The Wonderful Mystery of Incarnation
27 Dec, 2013
Source: Rev. Rhonda Waters ( who has volunteered with MSCM in the past) and at Christ Church Cathedral, Montreal (our host for Open Door and Movie Nights) on Christmas Day.
I have some wonderful news – unto us a child is born! My sister gave birth to her first son just three days ago! He’s a fine little thing – fat and strong and healthy – 8lbs 12 oz! They named him Basil, after his father, and William, after my grandfather. Everyone is, of course, completely thrilled and completely smitten – even me from across the country. He is a much anticipated, much beloved baby and has made this Christmas extra special for my family.
And as soon as he was born, I knew he would find his way into this sermon – not just because I can’t think of much else but because he reminded me that all birth is connected to this birth we celebrate today.
When Jesus was born the angels sang and the star led not just because he would grow into a great and good man but because God, Godself, had entered the realm of flesh and blood and bone and brain. The divide between heaven and earth, God and human, sacred and profane, was shown to be nothing to God. Being human -even being the most vulnerable and weak sort of a human – was shown to be desirable to God. It can be hard to believe that when we ourselves so often do not desire it at all but, nonetheless, there it is. In the beginning, God said creation was good; at Christmas, God proved God meant it.
And so the great mystery of the incarnation – of God becoming human begins at the same place any of us began – as a baby, needy and helpless and messy and full of potential. For regardless of the hymns and carols, Jesus must have been as fussy and dirty and inconvenient as any baby because that was the point. God became human in Jesus – real human, not pious fantasy human. Which stayed true throughout Jesus’ life – terrible at two, awkward at 13, seeking at 20, driven at 30, mortally wounded at 33 – genuinely, messily, inconveniently human.
You would not be the first person to wonder why this is such a good thing (just in case you are indeed, wondering that)- to wonder if we wouldn’t be better off with a God that stays well out of the muck; pure and clean and holy. But honestly, I’d rather have a messy God, a God I can connect to , a God that doesn’t disdain my humanity but in fact revels in it. For in the birth of Jesus, all flesh becomes a sign of God’s blessing, of God’s presence, of God with-us.
Little Basil may not have been foretold by prophets or heralded by angels or born of a virgin but he is, nonetheless, a miracle and a sign of God’s boundless love and the holiness of the vulnerability and humanness of us all. Basil’s birth, like every birth, is connected to Jesus’ birth because Jesus’ birth shows us the truth of Basil.
But the connection goes the other way, too – Basil’s birth shows us the truth of Jesus.
One of the very many photos I have been sent from my very excited mother is an adorable picture of my brother-in-law – who is about 6’4″ – bent over, deep in concentration, trying to get his huge hands and long arms in position to change the tiny, tiny diaper of his brand new son. The picture captures so perfectly the experience of being a new parent – dedication and commitment, fierce protectiveness, fear of ineptitude, desperate desire to do it right, and deep, deep tenderness. There will be other feelings as well, of course, feelings we’d often rather not acknowledge- irritation, anger, exhaustion, boredom, resentment, anxiety, grief. Mary and Joseph will have felt them all, too – because they were parenting a real baby – a real baby who just happened to be God.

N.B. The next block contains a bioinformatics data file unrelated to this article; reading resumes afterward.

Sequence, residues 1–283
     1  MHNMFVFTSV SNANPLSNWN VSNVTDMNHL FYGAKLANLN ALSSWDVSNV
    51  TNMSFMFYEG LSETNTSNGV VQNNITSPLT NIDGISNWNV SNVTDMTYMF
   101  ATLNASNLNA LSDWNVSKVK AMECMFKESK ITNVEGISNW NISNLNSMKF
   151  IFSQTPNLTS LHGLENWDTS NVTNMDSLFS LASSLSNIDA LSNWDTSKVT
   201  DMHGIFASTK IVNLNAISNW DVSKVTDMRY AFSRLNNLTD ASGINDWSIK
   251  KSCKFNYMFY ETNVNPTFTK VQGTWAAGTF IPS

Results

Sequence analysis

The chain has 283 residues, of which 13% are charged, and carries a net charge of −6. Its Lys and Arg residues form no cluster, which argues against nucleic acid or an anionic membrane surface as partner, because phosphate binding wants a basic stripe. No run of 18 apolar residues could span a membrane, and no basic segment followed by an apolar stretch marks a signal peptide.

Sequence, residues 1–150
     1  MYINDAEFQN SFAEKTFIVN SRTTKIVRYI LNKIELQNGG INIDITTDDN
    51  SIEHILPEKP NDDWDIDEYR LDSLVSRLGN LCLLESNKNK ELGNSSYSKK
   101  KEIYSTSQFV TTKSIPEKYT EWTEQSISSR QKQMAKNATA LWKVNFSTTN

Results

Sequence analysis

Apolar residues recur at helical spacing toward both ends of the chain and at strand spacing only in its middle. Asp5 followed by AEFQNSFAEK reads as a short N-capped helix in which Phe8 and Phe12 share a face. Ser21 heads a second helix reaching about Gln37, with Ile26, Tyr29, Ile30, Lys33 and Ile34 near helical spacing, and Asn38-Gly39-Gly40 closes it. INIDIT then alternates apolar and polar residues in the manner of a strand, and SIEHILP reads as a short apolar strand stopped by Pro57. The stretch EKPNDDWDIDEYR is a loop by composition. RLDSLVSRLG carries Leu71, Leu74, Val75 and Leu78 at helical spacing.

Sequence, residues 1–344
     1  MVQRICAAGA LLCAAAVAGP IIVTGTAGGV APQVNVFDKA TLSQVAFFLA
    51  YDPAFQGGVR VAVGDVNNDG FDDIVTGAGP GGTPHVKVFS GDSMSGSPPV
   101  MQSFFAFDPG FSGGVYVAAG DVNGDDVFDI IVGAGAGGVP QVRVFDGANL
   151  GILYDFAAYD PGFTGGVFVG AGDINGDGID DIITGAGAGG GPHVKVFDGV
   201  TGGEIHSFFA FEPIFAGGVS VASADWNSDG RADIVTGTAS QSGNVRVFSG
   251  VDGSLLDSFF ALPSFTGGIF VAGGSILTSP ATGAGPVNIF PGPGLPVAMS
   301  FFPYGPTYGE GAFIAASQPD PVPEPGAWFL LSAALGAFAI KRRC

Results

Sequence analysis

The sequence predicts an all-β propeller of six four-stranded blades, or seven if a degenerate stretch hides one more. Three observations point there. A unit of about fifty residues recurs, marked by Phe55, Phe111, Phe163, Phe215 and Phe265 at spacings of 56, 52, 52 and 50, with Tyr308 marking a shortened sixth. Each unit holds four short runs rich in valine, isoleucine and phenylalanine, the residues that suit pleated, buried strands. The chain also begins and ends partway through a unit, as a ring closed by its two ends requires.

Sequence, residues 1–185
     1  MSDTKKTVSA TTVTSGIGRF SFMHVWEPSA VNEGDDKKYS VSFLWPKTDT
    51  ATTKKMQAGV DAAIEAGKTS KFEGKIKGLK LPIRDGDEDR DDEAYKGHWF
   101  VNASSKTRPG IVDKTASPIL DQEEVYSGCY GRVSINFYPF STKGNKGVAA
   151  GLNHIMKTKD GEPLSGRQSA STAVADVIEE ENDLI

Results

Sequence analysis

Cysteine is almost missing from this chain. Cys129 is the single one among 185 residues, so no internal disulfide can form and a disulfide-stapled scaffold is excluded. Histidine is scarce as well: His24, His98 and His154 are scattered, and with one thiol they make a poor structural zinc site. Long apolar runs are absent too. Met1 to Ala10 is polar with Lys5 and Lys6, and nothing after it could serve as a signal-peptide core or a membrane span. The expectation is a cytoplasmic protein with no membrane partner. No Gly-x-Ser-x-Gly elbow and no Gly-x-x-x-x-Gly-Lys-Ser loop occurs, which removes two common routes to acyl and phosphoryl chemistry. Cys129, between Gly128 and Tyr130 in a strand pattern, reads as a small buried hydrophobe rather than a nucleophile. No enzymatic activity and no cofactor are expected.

God became human in Jesus not just in order to reach out from heaven and bless the earth but so that we could reach out and bless – or curse or question or partner with – God. In Jesus’ birth, God declares an openness to – indeed, a desire for – intimacy with us. Every feeling we have towards one another, we are allowed to direct toward God. Too often, we treat God like our best suit of clothes – to be used only when we’ll be on our best behaviour – when what we need to do is bring everything we are – the good, the bad, the embarrassing – to God. If God can become an exasperating baby who won’t let his parents get a good night sleep for months and months, we get to be the exhausted and overwhelmed parents worried that we’re screwing it all up.
What we need is to be vulnerable to God. And babies are good at vulnerable. When little Basil is hungry or uncomfortable or scared, he will let his parents know know – because they are the only way he can change his situation. This was true of the baby Jesus, too – which tells us that, in some sense, it is true of God because remember – the baby Jesus is God.
The great mystery of the incarnation is that, in making Godself radically present to us, God also made Godself vulnerable to us, in need of us. The story of the salvation of the world – of creation’s reunion with God and our completion as humans – depends on people like you and me, like Mary and Joseph saying yes to the invitation to care for God, to work with God, here on earth.
And this is scary. Like my sister and brother-in-law, like Mary and Joseph, we stand in awe of the responsibility and privilege before us – all to aware of the many ways we could -and will – fall short. But do not be afraid. The grace of parenting is that your baby raises you, teaching you as you go how to do and be what you need to do and be. When God became a baby, God took on this task of raising us into the parents, the partners, God needs.
For a child has been born for us, a son given to us;
and life will never be the same.